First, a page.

Tell me about the recording of your first album.
Dale: The big thing was that we recorded before
Tim: There’s that balance between: is your live show better than your album, or is your album better than your live show? We became frightened that our album wasn’t going to be anywhere close to our live show. So then it became this Grade Ten science experience of how do we incorporate elements of our live show into the recording."We like to dance. We’re really a live band."
Dale: And that’s when that phrase “don’t make it difficult, make it danceable” was born.
Tim: I think in the end we made a record that’s still a studio record. We’re a lot more raw live and I think there’s a lot more energy live, but I think the album makes up for it in little details that you just can’t do as a three-piece. So I think there is that balance there, where if someone saw us live they wouldn’t take the CD home and go, “That sucks.”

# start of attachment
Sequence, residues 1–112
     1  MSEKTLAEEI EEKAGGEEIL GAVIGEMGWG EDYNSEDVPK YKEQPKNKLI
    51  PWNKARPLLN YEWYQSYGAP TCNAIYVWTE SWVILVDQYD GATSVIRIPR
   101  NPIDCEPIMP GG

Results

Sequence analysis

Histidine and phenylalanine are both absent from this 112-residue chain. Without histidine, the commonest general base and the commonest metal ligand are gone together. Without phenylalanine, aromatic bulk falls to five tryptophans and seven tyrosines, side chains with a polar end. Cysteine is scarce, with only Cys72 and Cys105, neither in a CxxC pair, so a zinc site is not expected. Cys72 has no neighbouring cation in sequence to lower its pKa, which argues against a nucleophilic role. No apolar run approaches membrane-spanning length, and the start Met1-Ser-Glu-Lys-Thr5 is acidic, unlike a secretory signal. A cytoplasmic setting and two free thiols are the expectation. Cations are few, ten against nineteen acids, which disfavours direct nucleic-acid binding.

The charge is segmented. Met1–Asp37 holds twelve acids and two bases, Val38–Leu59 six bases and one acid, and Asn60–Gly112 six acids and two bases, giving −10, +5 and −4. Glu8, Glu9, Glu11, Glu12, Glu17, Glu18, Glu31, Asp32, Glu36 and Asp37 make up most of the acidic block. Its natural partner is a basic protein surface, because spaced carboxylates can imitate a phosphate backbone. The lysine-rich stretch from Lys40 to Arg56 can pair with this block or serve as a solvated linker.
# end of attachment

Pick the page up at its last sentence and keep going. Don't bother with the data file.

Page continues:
So what’s your favorite track on the album?
Dale: To play live, "Bisbrifren," but to listen on the record, I like to sing along to "Then I Thought About It."
Tim: The song I enjoy listening to the most is "Danceable." But I have to say I really enjoy playing "Comfort Me, Comfort You."
Your tour is mainly focused in
Tim: Absolutely. I’ve played in
In closing, what would you suggest to bands who are in your position, who are just spreading their wings?
Dale: Get out and play. You only get better by playing to people. You can spend years perfecting what, in your opinion, is the greatest song of all time, but when you get out somewhere and you play it and everyone crashes and burns because you weren’t ready to play to people, and that one guy at the bar is just shaking his head at you, that’s worth all that [practice] time because in the next show you don’t do that. You learn. Meet people and listen to what they have to say. And play more.